SHM Sends Letter on Impending Medicare Physician Payment Cuts
September 09, 2021
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House Speaker Nancy Pelosi
U.S. House of Representatives
1236 Longworth House Office Building
Washington, DC 20515
Senate Majority Leader Chuck Schumer
322 Hart Senate Office Building
Washington, DC 20510
House Minority Leader Kevin McCarthy
U.S. House of Representatives
2468 Rayburn House Office Building
Washington, DC 20515
Senate Minority Leader Mitch McConnell
317 Russell Senate Office Building
Washington, DC 20510
Dear Speaker Pelosi, Leader McCarthy, Leader Schumer, and Leader McConnell,
The Society of Hospital Medicine (SHM), representing the nation’s hospitalists, urges Congress to address the impending and disastrous cuts to Medicare physician payments.
Hospitalists are front-line clinicians in America’s acute care hospitals and focus on the general medical care of hospitalized patients. As a result, our members have been on the frontlines of the COVID-19 pandemic in every community across the country. Facing personal risk, exhaustion, and burnout, hospitalists have continued to provide high-quality care throughout every surge of the pandemic, including those arising from the Delta variant.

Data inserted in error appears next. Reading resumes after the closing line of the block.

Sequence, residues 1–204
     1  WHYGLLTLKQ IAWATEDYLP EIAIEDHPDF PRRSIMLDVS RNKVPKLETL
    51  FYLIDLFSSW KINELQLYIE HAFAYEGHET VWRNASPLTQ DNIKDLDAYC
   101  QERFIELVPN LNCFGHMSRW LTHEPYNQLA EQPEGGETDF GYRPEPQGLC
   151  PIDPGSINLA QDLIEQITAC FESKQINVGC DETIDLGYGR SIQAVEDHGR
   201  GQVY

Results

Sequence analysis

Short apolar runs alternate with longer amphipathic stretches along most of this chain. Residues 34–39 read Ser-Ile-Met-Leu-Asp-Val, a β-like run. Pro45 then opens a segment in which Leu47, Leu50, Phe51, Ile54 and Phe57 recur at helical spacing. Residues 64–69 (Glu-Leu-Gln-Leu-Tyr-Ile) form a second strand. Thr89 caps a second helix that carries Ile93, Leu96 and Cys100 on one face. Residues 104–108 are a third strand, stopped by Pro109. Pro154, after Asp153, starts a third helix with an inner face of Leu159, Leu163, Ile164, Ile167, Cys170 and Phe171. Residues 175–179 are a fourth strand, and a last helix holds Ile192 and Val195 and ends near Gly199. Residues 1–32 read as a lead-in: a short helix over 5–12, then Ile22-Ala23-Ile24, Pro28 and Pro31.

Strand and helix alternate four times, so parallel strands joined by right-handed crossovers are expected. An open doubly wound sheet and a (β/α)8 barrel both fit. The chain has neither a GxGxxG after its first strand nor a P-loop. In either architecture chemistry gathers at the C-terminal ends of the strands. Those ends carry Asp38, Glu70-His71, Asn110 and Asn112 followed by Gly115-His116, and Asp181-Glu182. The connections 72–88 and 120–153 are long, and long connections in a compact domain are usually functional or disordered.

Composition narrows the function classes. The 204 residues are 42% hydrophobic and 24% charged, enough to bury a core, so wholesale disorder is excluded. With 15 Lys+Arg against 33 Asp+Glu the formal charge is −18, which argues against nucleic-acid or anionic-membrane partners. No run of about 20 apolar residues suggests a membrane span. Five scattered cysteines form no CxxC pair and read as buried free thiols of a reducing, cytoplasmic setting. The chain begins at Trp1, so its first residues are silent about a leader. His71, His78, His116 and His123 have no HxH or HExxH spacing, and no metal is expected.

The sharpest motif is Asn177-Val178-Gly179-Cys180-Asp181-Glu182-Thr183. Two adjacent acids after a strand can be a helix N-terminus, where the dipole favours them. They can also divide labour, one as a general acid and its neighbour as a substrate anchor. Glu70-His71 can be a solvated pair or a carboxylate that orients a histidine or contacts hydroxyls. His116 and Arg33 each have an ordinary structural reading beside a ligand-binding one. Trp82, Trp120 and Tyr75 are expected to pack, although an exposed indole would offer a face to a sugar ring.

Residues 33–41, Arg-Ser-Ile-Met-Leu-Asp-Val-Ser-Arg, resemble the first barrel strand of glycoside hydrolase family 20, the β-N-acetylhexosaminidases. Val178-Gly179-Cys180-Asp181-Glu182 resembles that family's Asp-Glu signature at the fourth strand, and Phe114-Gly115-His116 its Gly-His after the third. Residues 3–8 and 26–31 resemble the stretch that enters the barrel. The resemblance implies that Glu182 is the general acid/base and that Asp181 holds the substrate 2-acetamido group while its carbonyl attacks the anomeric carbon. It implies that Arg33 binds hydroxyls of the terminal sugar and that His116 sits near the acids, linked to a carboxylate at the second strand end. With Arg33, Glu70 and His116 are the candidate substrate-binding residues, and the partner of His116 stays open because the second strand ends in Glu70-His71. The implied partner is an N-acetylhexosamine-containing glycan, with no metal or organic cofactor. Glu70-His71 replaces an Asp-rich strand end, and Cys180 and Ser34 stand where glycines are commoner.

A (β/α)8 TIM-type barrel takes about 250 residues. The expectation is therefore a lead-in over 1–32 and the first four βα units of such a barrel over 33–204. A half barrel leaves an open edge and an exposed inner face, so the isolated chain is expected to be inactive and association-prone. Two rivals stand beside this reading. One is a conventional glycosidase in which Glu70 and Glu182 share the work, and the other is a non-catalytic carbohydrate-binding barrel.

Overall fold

Despite hospitalists’ heroic resolve to care for patients hospitalized with COVID-19, they are exhausted and being pushed to the brink. Hospital medicine teams face record levels of burnout and staffing shortages. For example, a hospitalist team leader reported on a hospitalist who received surgery for a severe and extensive artery blockage who showed up to complete a full shift the next morning. When asked why he didn’t take time off to take care of himself, he said, “my teammates are struggling and desperately trying to care for all of these sick COVID patients. We have one hospitalist out with COVID. Given the current surge, almost all of us who were off have volunteered to come in and help. I couldn’t stay home and let my colleagues and our patients struggle.” Although the details may differ, this is not an uncommon refrain across hospital medicine today. Attached to this letter are several additional stories our hospitalist members report from the frontlines.
Throughout the country, hospitalists report similarly challenging circumstances as they continue the fight against COVID-19. Notwithstanding personal and professional hardships, hospitalists continue to show up each day and provide high-quality and lifesaving patient care. In spite of the herculean efforts by hospitalists and clinicians across the healthcare system, an estimated 10 percent Medicare reimbursement cut is scheduled to go in effect on January 1, 2022.1 These detrimental cuts will only exacerbate staffing problems and consequently harm patient care. One hospitalist group shared that they developed plans to rework staffing models, lower case volumes, and reimagine clinical and non-clinical roles to alleviate high clinician burnout and the threat of their physicians leaving the profession. The slated 10 percent cut will severely hamper these efforts and risks further demoralizing and damaging an already vulnerable healthcare system.